1. ## Something about a bit trigeometry and C++

Okay its suppose to be trigonometry in the title, my mistake.
To all those that know what sin and cos are - I wrote a program that gets a number from a user and shows its sin and cos. Now, I tried it, entering 90 as a number.
sin(90) equals 1, and cos (90) equals 0, but for some reason this output is been displayed:
sin(90) = 0.893997
cos(90) = -0.448074

Here is the code:
Code:
```#include <iostream>
#include <cmath>
using namespace std;
int main()
{
cout << "Enter a number";
int num;
cin >> num;
cout << "sin(" << num << ") = " << sin(num) << "\n";
cout << "cos(" << num << ") = " << cos(num);
return 0;
}```
Oh, and I know it has nothing to do with the post, but those anybody know how to prevent the program from displaying that "Press any key to continue"?

2. Because sin() and cos() expect the parameter in radians, not degrees. sin(90) = sin (90 radians) = sin (5156.6 degrees) = 0.89.

You really mean sin(pi/2) = 1, and cos(pi/2) = 0. Pi/2 is approx 1.5708

3. Ohh... logical. So is there no way to tell the program to expect the number in degrees?

4. Only way is to just convert to radians radians are not arbitrary like degrees, so they're a better way to measure angles in, anyway.

5. just convert the degrees to radians with the formula (theta * pi) / 180.0.

6. Originally Posted by Sebastiani
just convert the degrees to radians with the formula (theta * pi) / 180.0.
Then I would prefer that pi would be accurate, not just 3.14. Does C++ know what pi is, so that it can be a bit more accurate than 3.14? Or do I have to define and declare pi as 3.14?

7. Some [itex] implementations have a PI constant (usually M_PI from my experience) but even if it doesn't it's not hard to get a more accrurate value on the internet and define it yourself.
Code:
`#define PI  3.1415926535`

8. Originally Posted by SlyMaelstrom
Some [itex] implementations have a PI constant (usually M_PI from my experience) but even if it doesn't it's not hard to get a more accrurate value on the internet and define it yourself.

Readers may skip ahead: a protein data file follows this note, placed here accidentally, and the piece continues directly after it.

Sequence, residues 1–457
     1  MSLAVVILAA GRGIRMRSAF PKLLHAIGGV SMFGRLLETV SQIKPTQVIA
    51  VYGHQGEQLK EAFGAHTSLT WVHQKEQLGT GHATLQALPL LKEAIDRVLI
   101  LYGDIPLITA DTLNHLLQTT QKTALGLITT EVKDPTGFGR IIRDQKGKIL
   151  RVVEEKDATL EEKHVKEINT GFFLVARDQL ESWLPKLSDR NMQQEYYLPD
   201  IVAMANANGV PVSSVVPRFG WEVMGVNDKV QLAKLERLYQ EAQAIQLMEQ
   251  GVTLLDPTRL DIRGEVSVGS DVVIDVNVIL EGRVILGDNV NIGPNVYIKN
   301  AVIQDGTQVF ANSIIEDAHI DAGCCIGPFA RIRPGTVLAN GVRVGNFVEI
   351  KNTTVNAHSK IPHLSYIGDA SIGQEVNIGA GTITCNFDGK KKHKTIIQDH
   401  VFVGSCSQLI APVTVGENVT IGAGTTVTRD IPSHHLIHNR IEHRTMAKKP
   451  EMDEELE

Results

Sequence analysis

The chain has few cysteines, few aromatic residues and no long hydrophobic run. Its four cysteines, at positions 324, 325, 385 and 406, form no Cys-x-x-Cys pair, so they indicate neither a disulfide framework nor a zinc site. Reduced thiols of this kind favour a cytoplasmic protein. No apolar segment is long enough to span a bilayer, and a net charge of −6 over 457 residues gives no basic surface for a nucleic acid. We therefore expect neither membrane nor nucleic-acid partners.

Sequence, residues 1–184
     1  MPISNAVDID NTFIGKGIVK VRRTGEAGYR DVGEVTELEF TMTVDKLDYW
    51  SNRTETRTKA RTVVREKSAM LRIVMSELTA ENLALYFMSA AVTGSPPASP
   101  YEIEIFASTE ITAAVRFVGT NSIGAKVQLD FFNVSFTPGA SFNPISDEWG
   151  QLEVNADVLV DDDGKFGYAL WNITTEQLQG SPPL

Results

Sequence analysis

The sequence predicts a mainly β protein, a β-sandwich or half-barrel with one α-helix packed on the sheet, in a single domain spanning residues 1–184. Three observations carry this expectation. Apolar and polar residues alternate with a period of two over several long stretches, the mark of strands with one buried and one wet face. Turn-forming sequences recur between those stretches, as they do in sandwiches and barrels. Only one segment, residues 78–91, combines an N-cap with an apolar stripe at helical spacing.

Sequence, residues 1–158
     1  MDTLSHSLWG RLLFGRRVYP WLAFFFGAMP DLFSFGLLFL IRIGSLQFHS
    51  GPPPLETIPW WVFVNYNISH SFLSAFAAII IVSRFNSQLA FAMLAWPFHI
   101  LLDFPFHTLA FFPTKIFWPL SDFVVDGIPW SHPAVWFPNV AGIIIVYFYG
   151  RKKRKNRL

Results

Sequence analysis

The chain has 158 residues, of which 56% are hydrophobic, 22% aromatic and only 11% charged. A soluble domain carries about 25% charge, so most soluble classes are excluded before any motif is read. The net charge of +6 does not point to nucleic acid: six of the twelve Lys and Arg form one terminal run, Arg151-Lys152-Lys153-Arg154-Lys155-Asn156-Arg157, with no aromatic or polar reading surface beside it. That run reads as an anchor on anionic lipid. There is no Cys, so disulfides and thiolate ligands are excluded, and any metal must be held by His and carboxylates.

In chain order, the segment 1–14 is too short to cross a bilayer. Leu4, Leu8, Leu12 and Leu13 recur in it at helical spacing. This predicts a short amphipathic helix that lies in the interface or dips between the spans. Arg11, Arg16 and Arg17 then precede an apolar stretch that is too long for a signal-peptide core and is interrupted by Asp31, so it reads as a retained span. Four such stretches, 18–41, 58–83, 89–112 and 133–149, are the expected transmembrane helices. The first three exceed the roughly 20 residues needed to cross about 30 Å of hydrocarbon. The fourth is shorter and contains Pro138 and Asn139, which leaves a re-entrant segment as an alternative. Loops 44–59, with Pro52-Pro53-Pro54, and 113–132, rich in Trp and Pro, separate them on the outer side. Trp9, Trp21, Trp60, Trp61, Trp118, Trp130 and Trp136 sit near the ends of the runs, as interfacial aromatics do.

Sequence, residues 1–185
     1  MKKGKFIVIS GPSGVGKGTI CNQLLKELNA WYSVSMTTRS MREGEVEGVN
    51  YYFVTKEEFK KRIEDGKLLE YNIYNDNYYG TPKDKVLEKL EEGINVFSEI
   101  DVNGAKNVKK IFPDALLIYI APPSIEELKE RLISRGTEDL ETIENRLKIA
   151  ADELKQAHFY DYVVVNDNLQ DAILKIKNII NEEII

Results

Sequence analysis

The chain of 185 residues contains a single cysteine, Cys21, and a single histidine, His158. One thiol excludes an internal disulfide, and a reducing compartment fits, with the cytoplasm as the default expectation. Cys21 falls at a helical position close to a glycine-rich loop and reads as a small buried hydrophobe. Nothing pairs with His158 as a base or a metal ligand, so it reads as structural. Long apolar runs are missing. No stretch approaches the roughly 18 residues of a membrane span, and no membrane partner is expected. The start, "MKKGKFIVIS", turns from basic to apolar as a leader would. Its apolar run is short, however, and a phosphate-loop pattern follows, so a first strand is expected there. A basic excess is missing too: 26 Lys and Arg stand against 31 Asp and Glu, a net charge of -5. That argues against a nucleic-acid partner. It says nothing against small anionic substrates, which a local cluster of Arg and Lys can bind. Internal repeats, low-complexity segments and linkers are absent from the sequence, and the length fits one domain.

Code:
`#define PI  3.1415926535`
It would be great if I could use those constants... There is a problem with me, in math I have to be as accurate as possible, same when I used to learn phyiscs.

9. I don't think the constant is more accurate than 12 or so digits, so if you want as accurate as possible. Find out the precision of a double on your system and define a constant to that many places. Or calculate it yourself using that many digits as your number of iterations.

10. Okay something strange just happend. I've used that formula of course, and now if I enter 90 as a number, sin(90) is 1, as expected, but cos(90) is 4.48966e-011.
Now, I have already learned about E notation, but can't the number just be 0?

11. Code:
```#include <iostream>
#include <iomanip>

using namespace std;

cout.setf(ios::fixed, ios::floatfield);
cout.setf(ios::showpoint);

cout << setprecision(15) << cos(90 * PI / 180);```

12. Thank you very very very much. Just know that the last line doesn't work, as the compiler says that "setprecision' : undeclared identifier", but that doesn't matter, and now its much more accurate.
Just last question please, is there a way to tell the compiler to show only three significant digits after the period?

13. Yes, it's called setprecision(). Why it's undeclared for you, I don't know. It's standard. Do you have "using namespace std" at the top of your program? If that doesn't work, try adding "cout.precision(3);" just after the setf() lines.

14. Its been undeclared becuase you forgot to include the <iomanip> library (I didn't know about this library before), but now that you edited your post it worked just fine.
Anyway, I'm sorry for all my questions, but I have to know one more thing:
Is there a function in C++ for arctg, arcsin, etc...? I searched about it in MSDN and found nothing.

15. http://www.cplusplus.com/ref/cmath/

Look for asin, acos, atan.